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April 12, 2015 / Samer Baydoun

Baby Step TDD

At one of the Softwareskammer’s sessions in Munich, we were introduced to a new practice of Test Driven Development called Baby Steps.

The Baby Step TDD came up as a solution for the problem of TDD when sometimes you write a test which forces you to implement too many changes in one step to make the test pass.

As known, the main cycle in the TDD is described as follow:

  1. Start
  2. Write a failing test
  3. Write code to make test pass (then goto 2, or if can’t think of more tests, refactor)
  4. Stop

With the Baby Step we had to do the same cycle but with an extra constraint that it must be done in 2 minutes. So at the end of each cycle the test must be “green” (test passes).

Now, the most painful condition was that if you finish on red you have to roll back your changes to the last “green” state.

We had to write Java code printing diamond, as described in Seb Rose’s post, and use git for committing the “green” code at the end of each cycle or rolling back “git reset –hard HEAD” when it is “red”.

From my point of view, in spite of the fact that the rolling back after each red cycle drove me crazy, I think the method is good in a way that it forces me to divide the problem to small problems and write more cohesive chunks of code while trying to keep the test passing in 2 minutes.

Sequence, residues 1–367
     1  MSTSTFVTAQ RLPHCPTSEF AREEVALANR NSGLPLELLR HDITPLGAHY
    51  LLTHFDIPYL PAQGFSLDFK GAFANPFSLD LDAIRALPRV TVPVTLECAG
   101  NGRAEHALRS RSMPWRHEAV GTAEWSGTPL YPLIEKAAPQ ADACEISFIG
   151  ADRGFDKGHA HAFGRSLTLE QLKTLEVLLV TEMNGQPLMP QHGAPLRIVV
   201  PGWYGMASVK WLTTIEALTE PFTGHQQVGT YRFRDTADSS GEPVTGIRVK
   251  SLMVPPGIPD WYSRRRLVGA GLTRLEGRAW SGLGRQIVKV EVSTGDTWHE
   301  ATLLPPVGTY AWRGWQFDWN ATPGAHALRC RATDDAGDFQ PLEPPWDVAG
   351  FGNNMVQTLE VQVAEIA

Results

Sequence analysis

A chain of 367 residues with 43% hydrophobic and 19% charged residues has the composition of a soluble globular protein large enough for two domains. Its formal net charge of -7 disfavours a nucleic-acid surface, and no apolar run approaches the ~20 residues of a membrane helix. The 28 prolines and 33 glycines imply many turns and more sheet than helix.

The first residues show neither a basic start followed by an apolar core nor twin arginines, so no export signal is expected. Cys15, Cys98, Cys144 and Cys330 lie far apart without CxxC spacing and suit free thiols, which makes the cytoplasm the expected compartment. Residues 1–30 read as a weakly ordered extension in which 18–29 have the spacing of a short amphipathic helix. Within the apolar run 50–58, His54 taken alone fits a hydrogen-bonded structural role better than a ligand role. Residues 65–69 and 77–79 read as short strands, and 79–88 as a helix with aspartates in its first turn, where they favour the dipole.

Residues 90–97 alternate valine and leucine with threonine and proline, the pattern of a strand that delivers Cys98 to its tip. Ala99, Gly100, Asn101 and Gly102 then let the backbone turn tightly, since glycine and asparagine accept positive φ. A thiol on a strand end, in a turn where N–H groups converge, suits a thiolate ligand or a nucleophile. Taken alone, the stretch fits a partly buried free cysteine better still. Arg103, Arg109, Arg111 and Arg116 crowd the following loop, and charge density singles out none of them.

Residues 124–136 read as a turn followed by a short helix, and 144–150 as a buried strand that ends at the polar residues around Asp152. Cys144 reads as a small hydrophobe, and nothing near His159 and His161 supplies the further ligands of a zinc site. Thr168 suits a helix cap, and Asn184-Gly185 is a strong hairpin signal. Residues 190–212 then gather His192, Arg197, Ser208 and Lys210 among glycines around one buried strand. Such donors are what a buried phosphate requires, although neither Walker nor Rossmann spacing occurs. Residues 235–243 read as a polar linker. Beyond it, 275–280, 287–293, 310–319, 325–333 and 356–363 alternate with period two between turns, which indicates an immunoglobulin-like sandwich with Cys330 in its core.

Putting this practice in production, once understood correctly, will guaranty a better code quality on the long run; however, it may not seem a good idea for some developers, as it presents a relatively slow process.



Leave a Comment
  1. David Völkel (@davidvoelkel) / Apr 14 2015 5:29 pm

    Hi Samer,

    Glad to hear that the approach is valuable to you!

    In my personal experience it’s a very important tool in my daily work not to get lost in the complexities we are facing. Though in reality I use it more pragmatically and more as a goal instead of a hard constraint. So the two minutes in the kata are a means to challenge your comfort zone. It should force you to search for ways how to slice a big change into smaller steps. And of course raise the awareness that it is possible anyway and even becomes quite easy after some practice. So I use the revert back to green only if I see I am on the wrong track and not when my dumb timer is ringing.

    Another soft variable that drives the size of the steps I can handle is the risk associated with my current change. Some structural refactorings my IDE performs for me: OK, I can be a bit lazy and risk bigger steps without a test run or commit in between. Changes in conditionals: no way, I have do work quite disciplined and mitigate the risk by taking really small baby steps.


  2. Samer Baydoun / Apr 14 2015 7:40 pm

    Hi David,
    thanks for the replay. It’s nice to know you are using the Baby Steps in your daily work too.
    Regarding the rolling back after test fail, I was skeptic about how serious could this constraint be taken in the daily life, and now you confirmed my doubt some how.

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